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Ellen Miriam Hopkins (October 18, 1902 – October 9, 1972) was an American actress known for her versatility. She first signed with Paramount Pictures in 1930, working with Ernst Lubitsch and Joel McCrea, among many others. Her long-running feud with Bette Davis was publicized for effect. Later she became a pioneer of TV drama. Hopkins was a distinguished Hollywood hostess, who moved in intellectual and creative circles. At age 20, Hopkins became a chorus girl in New York City. In 1930, she signed with Paramount Pictures, and made her official film debut in Fast and Loose. Her first great success was in the 1931 horror drama film Dr. Jekyll and Mr. Hyde, in which she portrayed the character Ivy Pearson, a prostitute who becomes entangled with Jekyll and Hyde. Hopkins received rave reviews, but because of the potential controversy of the film and her character, many of her scenes were cut before the official release, reducing her screen time to approximately five minutes.
Nevertheless, her career ascended swiftly thereafter and in 1932 she scored her breakthrough in Ernst Lubitsch's Trouble in Paradise, where she proved her charm and wit as a beautiful and jealous pickpocket. During the pre-code Hollywood of the early 1930s, she appeared in The Smiling Lieutenant, The Story of Temple Drake and Design for Living, all of which were box office successes and critically acclaimed. Her pre-Code films were considered risqué at the time, with The Story of Temple Drake depicting a rape scene and Design for Living featuring a ménage à trois with Fredric March and Gary Cooper. She also had success during the remainder of the decade with the romantic comedy The Richest Girl in the World (1934), the historical drama Becky Sharp (1935), for which she was nominated for the Academy Award for Best Actress, Barbary Coast (1935), These Three (1936) (the first of four films with director William Wyler) and The Old Maid (1939).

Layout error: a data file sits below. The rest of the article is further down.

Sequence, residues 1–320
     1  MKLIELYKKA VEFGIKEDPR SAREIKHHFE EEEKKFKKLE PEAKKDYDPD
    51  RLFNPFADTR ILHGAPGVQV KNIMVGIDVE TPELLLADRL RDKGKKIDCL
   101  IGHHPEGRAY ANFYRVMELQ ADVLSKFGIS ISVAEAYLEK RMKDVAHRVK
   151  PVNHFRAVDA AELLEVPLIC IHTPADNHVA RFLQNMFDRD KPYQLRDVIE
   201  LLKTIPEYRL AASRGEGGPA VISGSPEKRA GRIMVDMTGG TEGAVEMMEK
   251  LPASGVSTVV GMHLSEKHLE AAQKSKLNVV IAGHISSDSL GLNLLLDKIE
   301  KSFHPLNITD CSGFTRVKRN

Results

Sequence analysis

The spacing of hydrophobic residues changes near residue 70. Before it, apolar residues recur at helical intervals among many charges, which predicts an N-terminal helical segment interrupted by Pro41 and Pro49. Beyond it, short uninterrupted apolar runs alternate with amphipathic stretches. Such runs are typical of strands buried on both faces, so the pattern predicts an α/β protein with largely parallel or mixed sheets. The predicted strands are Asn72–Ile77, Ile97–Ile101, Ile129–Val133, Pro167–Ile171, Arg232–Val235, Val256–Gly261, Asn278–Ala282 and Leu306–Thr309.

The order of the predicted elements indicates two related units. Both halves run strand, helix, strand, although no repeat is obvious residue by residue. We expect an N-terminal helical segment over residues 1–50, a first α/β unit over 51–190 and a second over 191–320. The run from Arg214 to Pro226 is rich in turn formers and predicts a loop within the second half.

Hopkins was one of the first actresses approached to play the role of Ellie Andrews in It Happened One Night (1934). However, she rejected the part, and Claudette Colbert was cast instead. She did audition for the role of Scarlett O'Hara in Gone with the Wind, having one advantage none of the other candidates had: she was a native Georgian. But the part went to Vivien Leigh. Both Colbert and Leigh won Oscars for their performances.
Hopkins had well-publicized fights with her arch-enemy Bette Davis (Hopkins believed Davis was having an affair with Hopkins' husband at the time), when they co-starred in their two films The Old Maid (1939) and Old Acquaintance (1943). Davis admitted to enjoying very much a scene in Old Acquaintance in which she shakes Hopkins forcefully during a scene where Hopkins' character makes unfounded allegations against Davis's. There were even press photos taken with both divas in a boxing ring with gloves up and director Vincent Sherman between the two.
Hopkins was a television pioneer, performing in teleplays in three decades, spanning the late 1940s through the late 1960s, in such programs as The Chevrolet Tele-Theatre (1949), Lux Video Theatre (1951-1955) and even an episode of The Flying Nun in 1969.
She has two stars on the Hollywood Walk of Fame: one for motion pictures at 1701 Vine Street, and one for television at 1708 Vine Street.